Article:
Deutsche Bank: Norway to Be First to Raise Rates

Norges Bank, Oslo.

Norges Bank, Oslo.

July 30 (Bloomberg) — Norway’s central bank may be the first among the world’s richest economies to raise interest rates as the global crisis shows signs of abating and inflation overshoots the bank’s target, Deutsche Bank AG said.

“Domestic inflation pressures will be the main reason why Norges Bank will have to be one of the first, if not the first, central bank to hike rates in the industrialized world,” Henrik Gullberg, a strategist at Deutsche Bank AG in London, said in a telephone interview. “The market is pricing in the probability of an initial rate hike at the beginning of next year.”

The world’s fifth-largest oil exporter has fared better through the global slump than most, thanks to continued investments in its petroleum industries, which make up about a quarter of output. Record low borrowing costs and the country’s biggest stimulus package in more than three decades have also helped soften the impact of the global crisis and now risk overheating the economy.  “They cannot afford the luxury of other central banks to wait too long,” Gullberg said. “Norges Bank will start to focus on the timing of the tightening cycle before other central banks. The rate path is not really compatible with the actual development we have seen in the Norwegian economy.”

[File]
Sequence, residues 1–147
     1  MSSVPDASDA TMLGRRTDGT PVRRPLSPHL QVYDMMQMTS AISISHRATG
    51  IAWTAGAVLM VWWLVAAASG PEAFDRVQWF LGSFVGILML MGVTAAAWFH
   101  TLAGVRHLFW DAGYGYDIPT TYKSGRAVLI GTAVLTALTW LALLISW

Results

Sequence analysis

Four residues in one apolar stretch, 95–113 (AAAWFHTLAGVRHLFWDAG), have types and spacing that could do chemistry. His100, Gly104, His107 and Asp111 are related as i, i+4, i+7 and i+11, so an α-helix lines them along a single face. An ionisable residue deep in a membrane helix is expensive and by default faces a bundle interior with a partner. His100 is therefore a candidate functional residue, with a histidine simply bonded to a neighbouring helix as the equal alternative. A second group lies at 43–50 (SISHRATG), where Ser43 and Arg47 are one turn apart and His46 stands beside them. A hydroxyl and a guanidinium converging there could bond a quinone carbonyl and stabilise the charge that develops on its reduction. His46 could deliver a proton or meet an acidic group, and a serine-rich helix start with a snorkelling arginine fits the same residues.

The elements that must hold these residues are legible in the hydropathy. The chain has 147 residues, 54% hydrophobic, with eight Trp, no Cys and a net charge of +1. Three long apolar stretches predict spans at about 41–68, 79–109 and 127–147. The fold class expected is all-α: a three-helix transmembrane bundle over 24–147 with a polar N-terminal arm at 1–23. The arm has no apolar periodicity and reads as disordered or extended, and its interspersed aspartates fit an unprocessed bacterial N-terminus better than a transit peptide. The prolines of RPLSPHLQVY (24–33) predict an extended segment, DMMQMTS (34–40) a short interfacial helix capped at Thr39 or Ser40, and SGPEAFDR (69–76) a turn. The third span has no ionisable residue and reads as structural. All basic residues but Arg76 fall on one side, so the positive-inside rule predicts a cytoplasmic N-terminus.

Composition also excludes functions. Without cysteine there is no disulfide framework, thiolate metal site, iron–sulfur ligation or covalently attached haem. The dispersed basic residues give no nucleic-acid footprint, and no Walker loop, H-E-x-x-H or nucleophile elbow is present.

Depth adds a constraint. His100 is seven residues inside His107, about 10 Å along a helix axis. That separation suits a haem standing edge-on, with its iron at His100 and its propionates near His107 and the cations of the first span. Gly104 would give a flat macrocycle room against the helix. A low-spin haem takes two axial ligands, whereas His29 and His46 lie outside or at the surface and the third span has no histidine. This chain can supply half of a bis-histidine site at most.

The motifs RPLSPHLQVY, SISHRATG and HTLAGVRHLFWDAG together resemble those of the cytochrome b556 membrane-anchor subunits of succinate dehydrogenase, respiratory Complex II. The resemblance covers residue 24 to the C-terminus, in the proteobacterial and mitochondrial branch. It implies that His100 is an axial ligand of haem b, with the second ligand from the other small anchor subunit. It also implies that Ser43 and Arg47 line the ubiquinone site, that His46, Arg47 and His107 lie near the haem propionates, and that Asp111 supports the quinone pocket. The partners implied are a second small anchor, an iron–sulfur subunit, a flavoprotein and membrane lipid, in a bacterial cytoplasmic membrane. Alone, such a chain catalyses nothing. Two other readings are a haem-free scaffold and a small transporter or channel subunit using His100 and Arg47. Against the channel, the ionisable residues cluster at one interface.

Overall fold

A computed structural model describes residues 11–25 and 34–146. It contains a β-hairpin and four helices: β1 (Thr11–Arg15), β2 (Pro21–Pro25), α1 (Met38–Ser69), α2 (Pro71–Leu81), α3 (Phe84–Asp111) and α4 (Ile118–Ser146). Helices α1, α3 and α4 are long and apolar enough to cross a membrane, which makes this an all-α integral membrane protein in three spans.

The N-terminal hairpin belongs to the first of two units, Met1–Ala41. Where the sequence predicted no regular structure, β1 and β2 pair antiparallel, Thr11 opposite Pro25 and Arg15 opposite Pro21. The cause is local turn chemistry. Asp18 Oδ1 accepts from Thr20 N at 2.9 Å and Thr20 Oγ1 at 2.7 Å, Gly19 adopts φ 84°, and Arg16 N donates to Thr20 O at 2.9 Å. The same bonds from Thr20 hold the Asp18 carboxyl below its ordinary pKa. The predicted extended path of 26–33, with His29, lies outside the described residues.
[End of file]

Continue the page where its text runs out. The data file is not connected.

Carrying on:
Norges Bank has lowered the benchmark rate seven times from a five-year high of 5.75 percent in September to a record low 1.25 percent in June. Prime Minister Jens Stoltenberg, who faces an election in September, has pledged to push through stimulus measures equivalent to 3 percent of non-oil gross domestic product to support the labor market. “Norway is an exception,” Gullberg said. “They have a lot of ability to stimulate the domestic economy by using the oil wealth and that is what they are doing.”  The support measures, designed to jolt the Nordic nation out of its first recession in two decades, have boosted domestic demand, with retail sales up 2.6 percent in May since March. Policy makers pushed through stimulus measures even after inflation overshot the central bank’s 2.5 percent target every month since June last year.

Read more at Bloomberg.com

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